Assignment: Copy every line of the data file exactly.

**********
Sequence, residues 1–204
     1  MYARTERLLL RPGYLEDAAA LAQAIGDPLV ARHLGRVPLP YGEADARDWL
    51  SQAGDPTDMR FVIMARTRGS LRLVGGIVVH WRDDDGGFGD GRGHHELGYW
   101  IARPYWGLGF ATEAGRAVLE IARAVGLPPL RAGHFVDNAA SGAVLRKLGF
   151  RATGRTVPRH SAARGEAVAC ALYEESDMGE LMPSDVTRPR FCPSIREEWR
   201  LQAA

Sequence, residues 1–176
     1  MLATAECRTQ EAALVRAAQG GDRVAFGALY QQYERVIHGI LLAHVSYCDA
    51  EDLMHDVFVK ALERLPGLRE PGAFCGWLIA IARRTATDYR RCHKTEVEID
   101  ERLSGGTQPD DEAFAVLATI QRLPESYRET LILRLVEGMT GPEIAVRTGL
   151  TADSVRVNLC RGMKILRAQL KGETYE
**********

Sequence, residues 1–204
     1  MYARTERLLL RPGYLEDAAA LAQAIGDPLV ARHLGRVPLP YGEADARDWL
    51  SQAGDPTDMR FVIMARTRGS LRLVGGIVVH WRDDDGGFGD GRGHHELGYW
   101  IARPYWGLGF ATEAGRAVLE IARAVGLPPL RAGHFVDNAA SGAVLRKLGF
   151  RATGRTVPRH SAARGEAVAC ALYEESDMGE LMPSDVTRPR FCPSIREEWR
   201  LQAA

Sequence, residues 1–176
     1  MLATAECRTQ EAALVRAAQG GDRVAFGALY QQYERVIHGI LLAHVSYCDA
    51  EDLMHDVFVK ALERLPGLRE PGAFCGWLIA IARRTATDYR RCHKTEVEID
   101  ERLSGGTQPD DEAFAVLATI QRLPESYRET LILRLVEGMT GPEIAVRTGL
   151  TADSVRVNLC RGMKILRAQL KGETYE